The PPP compares the average number of full-time-equivalent employees (“FTE”) that the borrower has each month during the covered period to the average number of monthly FTE the borrower employed during one of two reference periods. The borrower may choose as the reference period either (1) the period from February 15 to June 30, 2019, or (2) the period from January 1 to February 29, 2020. As a practical matter, the borrower should calculate the number of FTEs during both these periods and choose the period with the lower number of FTEs. PPP loan forgiveness is reduced (a) in proportion to the decrease in the average FTE during the covered period as compared to a reference period selected by the borrower, and (b) dollar for dollar for the amount of reduction in excess of 25% of the total salary and wages of any employee during the eight-week or 24-week covered period as compared to a reference period. The Flexibility Act extended the FTE Reduction Safe Harbor for rehiring employees and receiving loan forgiveness reductions under the PPP from June 30 to December 31, 2020.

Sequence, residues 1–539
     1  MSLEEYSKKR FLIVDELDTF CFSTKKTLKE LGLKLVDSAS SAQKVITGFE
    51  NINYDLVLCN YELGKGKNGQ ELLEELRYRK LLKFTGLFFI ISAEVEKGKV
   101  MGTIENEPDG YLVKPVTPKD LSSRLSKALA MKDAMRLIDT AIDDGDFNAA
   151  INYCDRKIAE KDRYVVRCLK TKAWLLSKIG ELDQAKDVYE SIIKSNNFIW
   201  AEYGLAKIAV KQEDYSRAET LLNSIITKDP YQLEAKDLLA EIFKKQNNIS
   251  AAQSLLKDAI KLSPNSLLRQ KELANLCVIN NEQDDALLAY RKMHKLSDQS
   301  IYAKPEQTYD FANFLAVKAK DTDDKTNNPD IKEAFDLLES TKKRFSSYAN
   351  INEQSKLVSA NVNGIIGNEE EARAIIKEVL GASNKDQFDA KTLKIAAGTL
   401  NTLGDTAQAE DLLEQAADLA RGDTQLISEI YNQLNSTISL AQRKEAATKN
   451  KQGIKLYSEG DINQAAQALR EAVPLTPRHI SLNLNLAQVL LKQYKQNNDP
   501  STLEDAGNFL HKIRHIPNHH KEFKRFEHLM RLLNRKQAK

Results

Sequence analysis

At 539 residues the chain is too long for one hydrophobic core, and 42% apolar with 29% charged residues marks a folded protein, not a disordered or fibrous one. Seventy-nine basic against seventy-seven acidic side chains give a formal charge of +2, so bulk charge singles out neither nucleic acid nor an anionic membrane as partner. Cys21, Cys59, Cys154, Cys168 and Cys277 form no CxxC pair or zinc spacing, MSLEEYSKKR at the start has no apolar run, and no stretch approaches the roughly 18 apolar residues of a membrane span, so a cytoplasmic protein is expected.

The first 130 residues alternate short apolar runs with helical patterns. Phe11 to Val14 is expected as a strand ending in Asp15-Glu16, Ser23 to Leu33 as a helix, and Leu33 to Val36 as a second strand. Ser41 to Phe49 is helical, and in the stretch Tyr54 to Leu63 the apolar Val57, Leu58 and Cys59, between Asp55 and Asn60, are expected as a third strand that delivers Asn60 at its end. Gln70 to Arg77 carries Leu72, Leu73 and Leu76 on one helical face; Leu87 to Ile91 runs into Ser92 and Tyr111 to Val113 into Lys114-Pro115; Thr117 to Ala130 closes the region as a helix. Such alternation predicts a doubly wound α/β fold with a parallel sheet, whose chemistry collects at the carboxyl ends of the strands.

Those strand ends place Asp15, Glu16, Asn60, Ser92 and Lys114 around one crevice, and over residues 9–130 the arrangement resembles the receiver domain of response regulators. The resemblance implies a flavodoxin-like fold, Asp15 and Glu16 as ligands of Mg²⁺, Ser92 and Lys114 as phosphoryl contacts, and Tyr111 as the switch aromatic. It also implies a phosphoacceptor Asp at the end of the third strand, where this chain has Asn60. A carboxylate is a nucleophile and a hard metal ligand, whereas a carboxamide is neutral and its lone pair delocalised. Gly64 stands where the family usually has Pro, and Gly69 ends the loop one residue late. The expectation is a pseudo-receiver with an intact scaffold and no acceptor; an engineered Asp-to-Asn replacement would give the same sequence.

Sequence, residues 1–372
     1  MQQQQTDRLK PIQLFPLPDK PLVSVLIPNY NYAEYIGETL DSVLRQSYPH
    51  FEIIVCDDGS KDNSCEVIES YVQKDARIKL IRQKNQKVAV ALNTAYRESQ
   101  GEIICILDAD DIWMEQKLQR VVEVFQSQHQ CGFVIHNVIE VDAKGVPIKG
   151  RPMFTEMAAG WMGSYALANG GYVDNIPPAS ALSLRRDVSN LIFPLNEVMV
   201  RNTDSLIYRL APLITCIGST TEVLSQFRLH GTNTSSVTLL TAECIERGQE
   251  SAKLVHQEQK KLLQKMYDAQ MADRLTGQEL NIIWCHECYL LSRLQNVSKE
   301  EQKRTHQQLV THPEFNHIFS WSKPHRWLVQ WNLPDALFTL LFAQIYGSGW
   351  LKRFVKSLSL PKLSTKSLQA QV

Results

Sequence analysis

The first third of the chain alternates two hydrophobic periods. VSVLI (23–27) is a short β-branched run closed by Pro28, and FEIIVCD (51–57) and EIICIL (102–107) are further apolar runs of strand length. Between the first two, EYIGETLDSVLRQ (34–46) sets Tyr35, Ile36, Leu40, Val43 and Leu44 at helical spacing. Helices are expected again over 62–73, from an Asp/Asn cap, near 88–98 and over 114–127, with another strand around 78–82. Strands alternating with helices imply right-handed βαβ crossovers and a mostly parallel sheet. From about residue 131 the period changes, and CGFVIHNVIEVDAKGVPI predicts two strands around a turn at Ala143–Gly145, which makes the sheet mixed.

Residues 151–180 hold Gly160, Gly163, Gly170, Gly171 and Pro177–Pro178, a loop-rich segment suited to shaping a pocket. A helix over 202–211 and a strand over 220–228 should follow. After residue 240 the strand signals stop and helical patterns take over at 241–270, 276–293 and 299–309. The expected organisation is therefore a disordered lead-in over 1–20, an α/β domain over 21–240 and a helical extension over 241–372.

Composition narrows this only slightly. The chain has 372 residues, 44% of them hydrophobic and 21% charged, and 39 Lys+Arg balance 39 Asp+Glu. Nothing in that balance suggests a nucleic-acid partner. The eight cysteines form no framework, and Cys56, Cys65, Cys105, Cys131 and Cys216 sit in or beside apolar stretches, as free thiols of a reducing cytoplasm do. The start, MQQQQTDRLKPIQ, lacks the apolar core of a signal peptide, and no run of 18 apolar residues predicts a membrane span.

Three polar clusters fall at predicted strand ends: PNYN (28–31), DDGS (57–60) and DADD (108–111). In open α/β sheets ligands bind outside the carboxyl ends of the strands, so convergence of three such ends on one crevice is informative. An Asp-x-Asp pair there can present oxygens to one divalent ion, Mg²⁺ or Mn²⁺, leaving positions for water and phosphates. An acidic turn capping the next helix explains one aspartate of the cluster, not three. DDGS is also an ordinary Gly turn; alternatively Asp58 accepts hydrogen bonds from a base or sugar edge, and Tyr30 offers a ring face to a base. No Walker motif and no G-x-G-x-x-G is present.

However, the FTE Reduction Safe Harbor 2 on page 4 (see steps 1 to 5) of the Loan Forgiveness Application allowing borrowers to eliminate FTE reductions in forgiveness on or before December 31, 2020, is available in the Loan Forgiveness Application only for FTE reductions occurring during the period of February 15 to April 26, 2020. If the FTE reduction occurred after April 26, then that particular safe harbor does not apply. If the borrower maintained or increased FTEs during the period February 15 to April 26, 2020, but nonetheless had fewer average FTEs during the covered period than during the selected reference period, then the borrower can, relying on the Flexibility Act, try to avoid a proportionate reduction by asserting in good faith either (1) that it was unable to rehire laid-off employees and unable to hire qualified replacements, or (2) that it was unable to operate at its prior level due to the need to comply with certain specific federal government safety requirements.